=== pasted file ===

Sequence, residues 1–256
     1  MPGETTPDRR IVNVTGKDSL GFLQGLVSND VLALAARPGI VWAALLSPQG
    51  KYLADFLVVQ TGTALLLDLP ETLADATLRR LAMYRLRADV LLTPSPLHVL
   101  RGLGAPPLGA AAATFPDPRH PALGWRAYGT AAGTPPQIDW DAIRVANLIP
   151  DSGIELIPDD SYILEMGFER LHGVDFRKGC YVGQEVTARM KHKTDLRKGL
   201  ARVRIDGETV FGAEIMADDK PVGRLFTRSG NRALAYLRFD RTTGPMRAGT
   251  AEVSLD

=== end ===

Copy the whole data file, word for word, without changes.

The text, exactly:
Sequence, residues 1–256
     1  MPGETTPDRR IVNVTGKDSL GFLQGLVSND VLALAARPGI VWAALLSPQG
    51  KYLADFLVVQ TGTALLLDLP ETLADATLRR LAMYRLRADV LLTPSPLHVL
   101  RGLGAPPLGA AAATFPDPRH PALGWRAYGT AAGTPPQIDW DAIRVANLIP
   151  DSGIELIPDD SYILEMGFER LHGVDFRKGC YVGQEVTARM KHKTDLRKGL
   201  ARVRIDGETV FGAEIMADDK PVGRLFTRSG NRALAYLRFD RTTGPMRAGT
   251  AEVSLD